Bloomberg News

State Bank of India Shares Drop as Soured Loans Climbed

November 09, 2012

State Bank of India shares headed for their biggest drop for this month in Mumbai after the nation’s largest lender said defaults climbed in the second quarter.

Net income rose 30 percent to 36.6 billion rupees ($673 million), or 54.51 rupees a share, for the three months ended Sept. 30, from 28.1 billion rupees, or 44.26 rupees, a year earlier, the Mumbai-based bank said in a filing to exchanges today. That compared with the 35.2 billion-rupee median of 38 analysts’ estimates compiled by Bloomberg.

The government-controlled lender’s profit growth may slow as bad debts rise further and demand for credit declines in an economy that the International Monetary Fund said is expanding at the slowest pace in a decade. The central bank’s reluctance to ease the highest borrowing costs among Asia’s major economies may also hinder State Bank’s efforts to boost lending.

“The bad-loan numbers disappointed,” Nitin Kumar, a Mumbai-based analyst at Quant Broking Ltd., said by telephone. “The management had given the impression that there would be a marked improvement in asset quality. Investors are disappointed.”

Shares of State Bank fell 3.8 percent to 2,158 rupees as of 3:09 p.m. in Mumbai. The stock has risen 33 percent this year, surpassing the 21 percent gain in the equity benchmark BSE India Sensitive Index. The Bankex Index, a gauge for 14 lenders in the country, has advanced 44 percent in 2012.

Bad Loans

Bad loans widened to 5.15 percent of total advances from 4.19 percent a year ago, SBI said today. Defaults will probably drop in the quarter as recoveries increase, Chairman Pratip C. Chaudhuri had told reporters on Aug. 10.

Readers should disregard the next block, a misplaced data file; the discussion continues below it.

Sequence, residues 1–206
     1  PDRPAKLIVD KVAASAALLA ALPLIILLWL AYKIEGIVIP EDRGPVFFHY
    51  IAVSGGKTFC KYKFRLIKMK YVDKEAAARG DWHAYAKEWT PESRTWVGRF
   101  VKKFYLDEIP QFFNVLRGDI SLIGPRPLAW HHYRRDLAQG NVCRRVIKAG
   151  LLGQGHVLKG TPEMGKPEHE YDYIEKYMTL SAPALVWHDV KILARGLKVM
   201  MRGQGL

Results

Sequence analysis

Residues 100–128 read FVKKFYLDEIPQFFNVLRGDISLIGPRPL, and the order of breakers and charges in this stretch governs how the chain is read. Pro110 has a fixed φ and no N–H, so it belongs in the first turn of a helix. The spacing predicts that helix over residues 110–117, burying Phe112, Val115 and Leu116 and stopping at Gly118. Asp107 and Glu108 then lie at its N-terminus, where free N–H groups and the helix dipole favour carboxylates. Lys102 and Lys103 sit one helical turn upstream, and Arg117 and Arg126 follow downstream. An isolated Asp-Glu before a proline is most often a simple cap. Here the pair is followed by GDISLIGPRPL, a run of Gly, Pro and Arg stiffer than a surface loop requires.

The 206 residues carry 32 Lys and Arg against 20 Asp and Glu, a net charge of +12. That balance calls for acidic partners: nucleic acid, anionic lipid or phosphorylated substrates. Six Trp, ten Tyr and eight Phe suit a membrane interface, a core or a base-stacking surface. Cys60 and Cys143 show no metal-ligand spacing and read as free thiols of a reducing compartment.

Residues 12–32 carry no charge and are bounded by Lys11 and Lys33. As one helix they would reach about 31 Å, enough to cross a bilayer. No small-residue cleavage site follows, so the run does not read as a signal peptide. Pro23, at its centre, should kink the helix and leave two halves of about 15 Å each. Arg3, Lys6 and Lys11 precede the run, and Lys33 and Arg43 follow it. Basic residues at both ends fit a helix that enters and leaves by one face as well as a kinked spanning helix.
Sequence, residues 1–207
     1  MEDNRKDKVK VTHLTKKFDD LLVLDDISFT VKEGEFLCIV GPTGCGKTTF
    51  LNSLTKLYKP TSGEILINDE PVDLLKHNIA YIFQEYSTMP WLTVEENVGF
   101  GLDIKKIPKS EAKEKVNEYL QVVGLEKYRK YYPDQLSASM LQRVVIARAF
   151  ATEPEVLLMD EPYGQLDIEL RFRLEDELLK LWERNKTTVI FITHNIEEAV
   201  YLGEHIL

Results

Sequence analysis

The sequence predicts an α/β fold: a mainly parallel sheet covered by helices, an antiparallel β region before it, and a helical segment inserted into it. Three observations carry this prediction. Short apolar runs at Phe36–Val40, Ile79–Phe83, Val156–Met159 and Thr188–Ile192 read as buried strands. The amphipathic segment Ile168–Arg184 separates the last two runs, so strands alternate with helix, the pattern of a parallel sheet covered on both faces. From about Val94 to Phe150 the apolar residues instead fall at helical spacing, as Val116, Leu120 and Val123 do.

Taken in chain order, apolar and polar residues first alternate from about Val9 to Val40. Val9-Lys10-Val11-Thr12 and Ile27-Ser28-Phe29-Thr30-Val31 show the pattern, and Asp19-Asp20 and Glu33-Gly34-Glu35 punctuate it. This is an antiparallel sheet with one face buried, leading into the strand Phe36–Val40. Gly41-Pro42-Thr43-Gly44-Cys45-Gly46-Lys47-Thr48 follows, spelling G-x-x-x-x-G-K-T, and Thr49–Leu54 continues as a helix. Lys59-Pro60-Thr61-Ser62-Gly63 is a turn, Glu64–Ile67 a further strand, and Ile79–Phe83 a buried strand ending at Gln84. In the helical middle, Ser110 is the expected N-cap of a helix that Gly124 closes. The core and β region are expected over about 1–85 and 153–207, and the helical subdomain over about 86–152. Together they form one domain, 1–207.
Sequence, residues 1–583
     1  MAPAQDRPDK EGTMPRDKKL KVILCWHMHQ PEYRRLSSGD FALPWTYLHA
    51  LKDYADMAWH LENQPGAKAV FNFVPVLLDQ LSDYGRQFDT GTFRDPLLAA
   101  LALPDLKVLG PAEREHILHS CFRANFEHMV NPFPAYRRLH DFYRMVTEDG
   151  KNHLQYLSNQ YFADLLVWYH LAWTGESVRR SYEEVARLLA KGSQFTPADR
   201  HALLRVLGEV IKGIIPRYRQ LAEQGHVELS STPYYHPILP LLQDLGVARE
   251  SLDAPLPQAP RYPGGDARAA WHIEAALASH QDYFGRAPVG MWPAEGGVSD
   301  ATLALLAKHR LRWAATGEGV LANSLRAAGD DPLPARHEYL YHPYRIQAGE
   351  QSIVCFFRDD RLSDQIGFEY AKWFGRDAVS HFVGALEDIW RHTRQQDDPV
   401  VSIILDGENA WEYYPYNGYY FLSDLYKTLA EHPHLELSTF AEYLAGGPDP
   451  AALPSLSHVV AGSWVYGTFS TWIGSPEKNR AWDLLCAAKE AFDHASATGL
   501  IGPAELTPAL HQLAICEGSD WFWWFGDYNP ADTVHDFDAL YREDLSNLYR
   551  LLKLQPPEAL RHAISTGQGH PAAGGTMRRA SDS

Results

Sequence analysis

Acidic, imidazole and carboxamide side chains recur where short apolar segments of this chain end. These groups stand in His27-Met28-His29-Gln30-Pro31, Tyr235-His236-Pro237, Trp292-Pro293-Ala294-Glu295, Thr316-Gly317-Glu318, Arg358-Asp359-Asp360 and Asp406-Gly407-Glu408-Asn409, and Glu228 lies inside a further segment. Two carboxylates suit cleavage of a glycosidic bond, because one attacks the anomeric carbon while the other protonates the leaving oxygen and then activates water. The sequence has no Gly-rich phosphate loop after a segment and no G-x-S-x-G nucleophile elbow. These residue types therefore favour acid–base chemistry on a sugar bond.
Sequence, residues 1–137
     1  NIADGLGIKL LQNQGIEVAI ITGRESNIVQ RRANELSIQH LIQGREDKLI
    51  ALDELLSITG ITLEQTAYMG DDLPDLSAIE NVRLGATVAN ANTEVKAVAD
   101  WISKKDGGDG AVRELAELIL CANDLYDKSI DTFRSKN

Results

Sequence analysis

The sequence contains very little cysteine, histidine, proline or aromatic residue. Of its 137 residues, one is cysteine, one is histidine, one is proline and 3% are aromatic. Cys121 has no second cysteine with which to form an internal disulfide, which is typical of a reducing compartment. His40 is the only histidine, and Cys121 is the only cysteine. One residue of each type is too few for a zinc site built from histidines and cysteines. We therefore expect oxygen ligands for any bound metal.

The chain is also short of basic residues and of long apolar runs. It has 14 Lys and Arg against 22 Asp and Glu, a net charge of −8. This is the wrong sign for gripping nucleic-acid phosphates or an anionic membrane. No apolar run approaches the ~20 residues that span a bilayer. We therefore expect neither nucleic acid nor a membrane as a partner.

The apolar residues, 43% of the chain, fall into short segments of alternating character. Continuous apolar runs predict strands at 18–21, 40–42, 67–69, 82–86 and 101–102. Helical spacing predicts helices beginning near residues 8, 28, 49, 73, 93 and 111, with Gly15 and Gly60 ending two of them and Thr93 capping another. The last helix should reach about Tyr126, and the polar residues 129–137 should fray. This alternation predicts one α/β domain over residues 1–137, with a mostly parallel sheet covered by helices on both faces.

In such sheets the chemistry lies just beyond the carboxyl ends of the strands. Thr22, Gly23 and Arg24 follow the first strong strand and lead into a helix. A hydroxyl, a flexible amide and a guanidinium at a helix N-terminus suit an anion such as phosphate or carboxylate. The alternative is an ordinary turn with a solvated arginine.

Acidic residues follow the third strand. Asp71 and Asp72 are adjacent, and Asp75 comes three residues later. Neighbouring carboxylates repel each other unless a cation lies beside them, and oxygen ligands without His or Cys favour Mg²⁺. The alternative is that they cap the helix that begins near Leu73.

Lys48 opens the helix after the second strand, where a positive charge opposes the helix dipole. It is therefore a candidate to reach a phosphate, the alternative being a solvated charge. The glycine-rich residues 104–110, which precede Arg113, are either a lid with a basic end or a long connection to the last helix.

The nation’s economy will grow 4.9 percent this year, according to the IMF. Gross domestic product expanded 5.5 percent in the three months ended June from a year earlier, faster than a three-year low of 5.3 percent in the previous quarter, according to the most recent government data.

Net interest income, or revenue from lending minus payments on deposits, rose 4.7 percent to 110 billion rupees, the bank said in the statement. The 206-year-old lender’s total outstanding loans increased 18 percent from a year earlier to 9.6 trillion rupees at the end of September.

Loans at banks in India, excluding advances made to state agencies for food procurement, expanded 16 percent in the 12 months to Oct. 19, data compiled by the Reserve Bank of India show. The central bank trimmed its credit growth projection last month to 16 percent for the year ending March 31, from 17 percent.

To contact the reporter on this story: Anto Antony in Mumbai at aantony1@bloomberg.net

To contact the editor responsible for this story: Chitra Somayaji at csomayaji@bloomberg.net


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